On the south coast of Hampshire, at the entrance to a natural harbour. Is Portchester Castle, one of the best preserved Roman buildings in Britain.
Portchester Castle, is one of a series of coastal forts built by the Romans in the third and fourth centuries.
It is still widely accepted that these Saxon shore forts were constructed for defence. To keep out marauding Anglo-Saxons from the other side of the Channel. But, in actual fact, they may have been used for a very different purpose.
In total, 11 shore forts skirt the southern and eastern coast. From Portchester in the South, around the coast, these Shore forts have been taken as an imposing reminder of the Anglo-Saxon threat, all the way up to Brancaster in Norfolk. One of the most easterly of these forts – Burgh Castle – still commands the landscape.
Andrew Pearson “All of this, all the fields over there… Would have been what was termed the Great Estuary – open water, Marsh, tidal creeks – probably until the 12th century.”
Author Andrew Pearson has been re-examining the forts and has come to the conclusion that they may have nothing to do with Anglo-Saxons.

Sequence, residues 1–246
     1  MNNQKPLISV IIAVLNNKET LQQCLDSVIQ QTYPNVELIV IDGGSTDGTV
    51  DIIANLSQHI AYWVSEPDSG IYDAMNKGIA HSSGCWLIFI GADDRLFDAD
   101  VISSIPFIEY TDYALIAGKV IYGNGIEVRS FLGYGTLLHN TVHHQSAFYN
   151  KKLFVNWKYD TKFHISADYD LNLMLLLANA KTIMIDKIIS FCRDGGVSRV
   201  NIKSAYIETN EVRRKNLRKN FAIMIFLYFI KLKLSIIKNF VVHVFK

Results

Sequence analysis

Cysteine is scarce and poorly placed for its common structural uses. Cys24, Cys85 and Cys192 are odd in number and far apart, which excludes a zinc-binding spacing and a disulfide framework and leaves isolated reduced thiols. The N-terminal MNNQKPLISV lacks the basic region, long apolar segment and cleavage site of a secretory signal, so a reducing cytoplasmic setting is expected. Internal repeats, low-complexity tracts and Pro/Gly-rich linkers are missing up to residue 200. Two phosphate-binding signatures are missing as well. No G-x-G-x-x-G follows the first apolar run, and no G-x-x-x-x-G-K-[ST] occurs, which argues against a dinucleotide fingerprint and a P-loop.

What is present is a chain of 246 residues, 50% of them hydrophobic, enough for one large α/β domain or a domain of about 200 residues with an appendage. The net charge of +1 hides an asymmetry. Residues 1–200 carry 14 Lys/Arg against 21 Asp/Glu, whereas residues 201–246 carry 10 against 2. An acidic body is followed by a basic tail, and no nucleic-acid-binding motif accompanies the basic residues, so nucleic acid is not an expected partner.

Andrew Pearson “The traditional view is that they are defence against readers from across the Channel. From the peoples who are, in later periods, going to colonise Britain.”
The name Saxon shore fort actually comes from a Roman military list. In the 16th century, this list was translated, by famous antiquarian William Camden. What the term Saxon refers to is unclear.
Andrew Pearson “What Camden said pretty much went as archaeological fact for many centuries to come. What he hit on was a very evocative idea. It’s very dramatic and very simple. That these forts are put up as defence against the Saxons. This is called ‘the county of the Saxon shore’. If that means being attacked by the Saxons or settled by the Saxons, we don’t know.”
Andrew has found that the huge walls are better suited to protecting goods kept inside the forts. Rather than from attacking enemies from outside.
Author Andrew Pearson “I think these sites are doing much more than defending the coastline. If the Saxons came raiding, it wouldn’t be every month, or every year, or even 10 years, so in terms of what these forts do it’s more likely they have an economic role, perhaps a supply role, rather than this defensive function.”
So you’re suggesting these forts could have been used to help trade from out of Britain rather than stop people coming in?
Mr Andrew Pearson “Yes, rather than blocking access to the interior. In fact, these are quite the opposite insofar as goods are coming here. And then being shipped out beyond into the Empire.”
Andrew has found no evidence that these forts were built to defend against an Anglo-Saxon invasion. So what is the evidence for invasion?
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